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On the Woes of not Being Google-able

August 18, 2010

On May 28, 1987 a teenage West German named Matthias Rust flew his dinky little propeller plane not only into Russia, but right onto the Red Square. The sheer gutsiness of it was pretty astounding, and one of those huge news stories that somehow got slept on two decades later. All the same, it was a symbol of peace and brotherhood between East and West. And good Mr. Rust went on to a whole lot of interesting things. Such as stabbing a girl he had a crush on, stealing cashmere sweaters, and becoming a professional poker player. Good guy.

I won’t venture to speak with my co-worker here, but I will say what I think. I’d venture to say that Jake Hess, the American who is on his way to deportation for his work in Kurdistan (allegedly with the PKK), has read about Matthias Rust. He’s clearly trying to go for a sort of stand. Which is cool. I love making political stands. But here’s some advice, from a fellow blue-passport-ci: if you’re about to be deported back to the states, don’t burn any bridges there. If you’re a journalist, saying things like the following may not be too bright:

“the U.S. is an imperialist country and I disagree with U.S. policy towards Turkey and the Kurds.

As a political statement, its at least an opinion. Surely disagreeable to many, but not on the same level as “We must welcome and embrace our alien overlords.” My personal quibble, though, is that he’s getting deported – and not locked away in jail or whatever else – solely because of that imperialist country. I do not mean that as a “show respect to the USA! Love it or leave it!” statement, far from it. I’m saying it as one journalism neophyte to another. In the age of Google, do not make incendiary statements before you are ready to do so.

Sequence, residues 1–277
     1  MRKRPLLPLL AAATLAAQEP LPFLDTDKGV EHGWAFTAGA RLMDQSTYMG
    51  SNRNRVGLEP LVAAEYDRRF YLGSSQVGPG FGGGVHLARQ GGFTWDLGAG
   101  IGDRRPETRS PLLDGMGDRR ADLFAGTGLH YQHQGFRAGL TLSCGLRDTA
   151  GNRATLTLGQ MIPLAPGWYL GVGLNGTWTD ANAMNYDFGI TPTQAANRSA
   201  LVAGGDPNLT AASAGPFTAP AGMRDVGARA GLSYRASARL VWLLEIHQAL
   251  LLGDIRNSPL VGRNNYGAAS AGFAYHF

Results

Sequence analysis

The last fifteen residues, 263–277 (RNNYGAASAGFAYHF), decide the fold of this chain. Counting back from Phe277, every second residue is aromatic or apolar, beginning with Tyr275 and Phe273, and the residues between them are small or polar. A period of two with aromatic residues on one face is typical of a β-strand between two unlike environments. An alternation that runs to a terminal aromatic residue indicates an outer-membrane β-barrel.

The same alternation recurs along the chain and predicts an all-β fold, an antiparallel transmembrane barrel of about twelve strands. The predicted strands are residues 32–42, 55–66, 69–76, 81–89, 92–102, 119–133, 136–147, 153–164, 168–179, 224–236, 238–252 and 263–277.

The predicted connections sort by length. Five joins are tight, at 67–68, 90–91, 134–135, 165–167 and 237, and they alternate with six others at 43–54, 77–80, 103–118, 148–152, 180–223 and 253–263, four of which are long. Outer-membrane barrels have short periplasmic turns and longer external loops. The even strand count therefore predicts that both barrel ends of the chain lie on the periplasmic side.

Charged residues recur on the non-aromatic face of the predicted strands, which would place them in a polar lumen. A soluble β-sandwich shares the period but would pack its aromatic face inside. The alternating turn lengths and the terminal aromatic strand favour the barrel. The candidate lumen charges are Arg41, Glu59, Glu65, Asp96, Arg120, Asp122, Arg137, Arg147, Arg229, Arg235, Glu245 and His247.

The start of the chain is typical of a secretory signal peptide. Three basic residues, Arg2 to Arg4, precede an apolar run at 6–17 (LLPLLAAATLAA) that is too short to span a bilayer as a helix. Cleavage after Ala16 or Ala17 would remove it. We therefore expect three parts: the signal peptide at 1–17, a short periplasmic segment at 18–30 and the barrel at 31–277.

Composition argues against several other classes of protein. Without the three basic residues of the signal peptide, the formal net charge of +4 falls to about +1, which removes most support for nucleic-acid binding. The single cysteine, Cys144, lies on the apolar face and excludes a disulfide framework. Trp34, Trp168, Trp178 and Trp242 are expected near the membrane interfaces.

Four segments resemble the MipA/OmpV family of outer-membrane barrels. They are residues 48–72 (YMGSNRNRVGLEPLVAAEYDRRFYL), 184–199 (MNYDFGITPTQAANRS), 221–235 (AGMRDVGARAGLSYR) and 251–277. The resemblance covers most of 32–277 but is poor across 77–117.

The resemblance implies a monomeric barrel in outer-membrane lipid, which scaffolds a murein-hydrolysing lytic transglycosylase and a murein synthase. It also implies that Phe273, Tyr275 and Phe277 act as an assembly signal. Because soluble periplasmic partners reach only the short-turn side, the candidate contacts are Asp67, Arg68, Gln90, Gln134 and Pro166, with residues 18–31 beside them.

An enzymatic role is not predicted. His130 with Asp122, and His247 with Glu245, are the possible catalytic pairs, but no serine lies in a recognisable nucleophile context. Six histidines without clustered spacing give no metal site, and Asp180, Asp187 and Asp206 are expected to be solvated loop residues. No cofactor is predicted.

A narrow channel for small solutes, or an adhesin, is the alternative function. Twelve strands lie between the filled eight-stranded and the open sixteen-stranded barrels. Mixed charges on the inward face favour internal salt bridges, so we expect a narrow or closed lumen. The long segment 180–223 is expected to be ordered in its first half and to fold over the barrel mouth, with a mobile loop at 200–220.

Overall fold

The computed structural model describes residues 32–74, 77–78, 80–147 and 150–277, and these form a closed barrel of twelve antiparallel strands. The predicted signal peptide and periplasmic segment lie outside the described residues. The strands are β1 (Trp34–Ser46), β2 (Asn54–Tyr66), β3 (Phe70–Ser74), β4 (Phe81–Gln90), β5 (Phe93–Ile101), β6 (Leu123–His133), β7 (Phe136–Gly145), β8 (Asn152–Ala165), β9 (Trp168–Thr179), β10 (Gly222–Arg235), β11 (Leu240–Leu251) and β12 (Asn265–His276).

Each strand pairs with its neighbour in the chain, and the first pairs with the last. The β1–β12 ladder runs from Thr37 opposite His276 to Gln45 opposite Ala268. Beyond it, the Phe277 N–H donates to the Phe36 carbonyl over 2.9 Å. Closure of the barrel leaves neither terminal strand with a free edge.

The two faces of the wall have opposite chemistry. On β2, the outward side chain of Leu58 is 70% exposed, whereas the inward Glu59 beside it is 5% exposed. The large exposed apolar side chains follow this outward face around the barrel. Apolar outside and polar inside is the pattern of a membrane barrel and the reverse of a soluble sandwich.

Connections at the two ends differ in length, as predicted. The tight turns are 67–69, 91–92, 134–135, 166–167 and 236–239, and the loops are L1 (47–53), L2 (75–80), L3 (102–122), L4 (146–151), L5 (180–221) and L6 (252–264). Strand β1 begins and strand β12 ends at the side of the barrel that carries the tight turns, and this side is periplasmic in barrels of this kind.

This isn’t to be whitewashed and bland. One of my favorite newssources is the unhinged & insane Exiled. But its possible to be a young and passionate journalist without burning bridges. Justin Vela did a good job covering this and showing compassion for young Jake. Wladimir van Wilgenburg is doing great, great, stuff from that little section of our world. Neither of them had a gospel singer to emerge from the shadow of, but both of them write well.

Here at Istanbul Alti, we are all for passion in our reporting, even to the point of being a bit Gonzo. But when reporting on politically-sensitive issues, it is important to show, not tell, your story. There’s no need to use inflammatory language if your facts are inflammatory. This isn’t ’90s Russia, unfortunately, and people are reading to make sure you don’t just say stuff.

I wholeheartedly wish Mr. Hess the best of luck on his career, whether he sticks to journalism, becomes one of those world-traveling English teachers, or goes into mechanical engineering or whatever. He genuinely seems like an interesting guy and someone I’d buy a drink if I ever crossed his path. But he’s managed to get into the sad-panda database of both Turkey and the US. All in the name of making a name and making peace. As someone who admittedly would also like both, there’s cleverer ways to do it.

Fortune may favor the bold, but there’s nothing to braving the machine-gun nests of bureaucracy and law. If you’re going to get politically sensitive, I highly recommend having a gameplan behind it. The far-smarter-than-I Carpetblogger heartily agrees. So lets learn a lesson from this: when under foreign jurisdictions, be well aware of what pisses said jurisdictions off. And when returning to the +1, remember that as an English teacher abroad, you’re just another Mandarin in the Fake Empire.

And let us remember the greatest takeaway from this. Tell girls you’re a journalist, not authorities. If you can’t tell people what you do for work, they can’t judge you!

EDIT ADDITION: Frederike Geerdink is a real journalist and a better writer than me. I don’t agree with her 100%, but I do agree enough. She’s worth being read.

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